There is no official miniature Lurcher dog breed. Lurcher dogs of all sizes are a mixed breed. They are a cross between a sighthound and another working breed, most often a herding or terrier type. Because of this, some Lurcher dogs will naturally be smaller than others. It will all depend on the genetic influence of the parent breeds. If your heart is set on a smaller Lurcher dog, you may be able to find a breeder that specializes on the lower end of the size scale.
Miniature Lurcher dogs can be quite different to one another depending on their parent breeds. So, to find out more about their potential temperament and health issues, you must make sure you are aware which breeds were used. Make sure you only choose reputable breeders that health test dogs before breeding.
What is a Miniature Lurcher Dog?
Like the standard Lurcher, the miniature Lurcher dog is not an AKC accepted breed. In fact, when most people say “miniature Lurcher dog”, they simply mean Lurchers that fall towards the smaller end of the size scale. Lurchers are crossbred. So, their size and overall appearance will vary hugely depending on their parents. This means two Lurchers can look very different to one another. One may fall in the large dog breed category, but others could be as small as a whippet – or even smaller!
Lurchers are a British breed, and aren’t yet that common in America. But, you may be able to find some breeders in the US who specialize in this mix. To maximise your chances of getting a small or “miniature” Lurcher dog, find a reputable breeder that uses smaller parent breeds. Or, choose a female puppy, as female dogs tend to be smaller than males as adults.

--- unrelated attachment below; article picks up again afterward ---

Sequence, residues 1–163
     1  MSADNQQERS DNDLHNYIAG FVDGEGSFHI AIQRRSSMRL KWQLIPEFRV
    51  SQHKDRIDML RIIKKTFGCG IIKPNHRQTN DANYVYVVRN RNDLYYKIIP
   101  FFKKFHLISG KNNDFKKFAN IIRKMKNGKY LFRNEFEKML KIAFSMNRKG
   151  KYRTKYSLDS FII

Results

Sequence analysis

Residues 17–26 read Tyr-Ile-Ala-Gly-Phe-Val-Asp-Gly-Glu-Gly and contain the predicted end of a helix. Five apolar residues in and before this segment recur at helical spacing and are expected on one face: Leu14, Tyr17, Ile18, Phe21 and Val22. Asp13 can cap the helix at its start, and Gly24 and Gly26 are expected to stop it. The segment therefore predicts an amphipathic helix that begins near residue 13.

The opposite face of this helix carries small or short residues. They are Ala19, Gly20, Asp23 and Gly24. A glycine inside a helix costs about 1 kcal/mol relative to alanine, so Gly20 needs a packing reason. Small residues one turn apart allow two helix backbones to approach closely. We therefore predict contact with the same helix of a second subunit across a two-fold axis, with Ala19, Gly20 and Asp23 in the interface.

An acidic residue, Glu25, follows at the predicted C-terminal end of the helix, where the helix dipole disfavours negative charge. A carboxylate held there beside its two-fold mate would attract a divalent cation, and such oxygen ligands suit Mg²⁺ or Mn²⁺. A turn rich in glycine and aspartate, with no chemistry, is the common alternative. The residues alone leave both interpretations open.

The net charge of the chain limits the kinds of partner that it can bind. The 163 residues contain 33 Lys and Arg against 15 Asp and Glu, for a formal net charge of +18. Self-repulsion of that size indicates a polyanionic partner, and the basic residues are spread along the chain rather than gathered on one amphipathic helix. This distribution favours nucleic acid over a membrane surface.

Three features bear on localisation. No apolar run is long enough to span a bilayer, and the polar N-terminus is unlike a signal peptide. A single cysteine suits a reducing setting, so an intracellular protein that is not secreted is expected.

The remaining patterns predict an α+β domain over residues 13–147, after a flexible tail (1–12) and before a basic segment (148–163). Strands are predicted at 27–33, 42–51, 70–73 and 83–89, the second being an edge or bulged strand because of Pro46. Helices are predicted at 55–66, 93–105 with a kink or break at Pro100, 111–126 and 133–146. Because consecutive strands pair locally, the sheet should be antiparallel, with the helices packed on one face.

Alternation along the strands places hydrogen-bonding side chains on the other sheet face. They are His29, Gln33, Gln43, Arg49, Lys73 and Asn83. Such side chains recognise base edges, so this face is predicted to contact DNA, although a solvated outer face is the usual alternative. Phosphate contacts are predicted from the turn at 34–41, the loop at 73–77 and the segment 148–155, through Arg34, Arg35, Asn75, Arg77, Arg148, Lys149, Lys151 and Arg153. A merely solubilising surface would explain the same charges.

How Big is a Lurcher Dog?
As we know, the Lurcher is a mixed breed. Its parents could be any combination of a sighthound breed and another working breed. So, there’s a huge scope for variety within the breed. This means it’s actually very hard to predict a Lurcher dog’s size. Some may be as small as a Whippet, from around 18 to 22 inches tall, weighing 25 to 40 pounds. But, others may be considerably larger, reaching up to 30 inches tall and weighing up to 100 pounds. It will entirely depend on the parent breeds used.
Lurchers are not an official breed. Neither are miniature Lurcher dogs. So, there is no official breed standard that regulates the size of either type. Generally, smaller Lurcher dogs will still be sold as “Lurchers” rather than “miniature Lurcher dogs”. This is because there can be so much variation in the Lurcher breed anyway.
Ways a Breeder Might Create a Miniature Lurcher Dog
It’s possible to find a breeder that will specialize in a smaller or miniature Lurcher dog variety. They will usually do this by choosing smaller sighthounds and working breeds to combine. For instance, the Italian Greyhound and the Whippet are two of the smallest sighthound breeds. A breeder may combine them with a small or medium terrier or herding breed, such as:
- Border Collie
- Australian Cattle Dog
- Border Terrier
- Cairn Terrier
- Bedlington Terrier
- Wire Fox Terrier
- And more.
Some breeders will combine multiple breeds over generations to create their lurchers. Two of the most popular dogs for Lurcher mixes are Greyhounds and Border Collies, but this can result in quite a large dog. So, speak to breeders if you’re looking for something smaller. Or, consider choosing a female puppy. The parent dogs used will provide a good estimation of your puppy’s adult size.
Miniature Lurcher Dog Health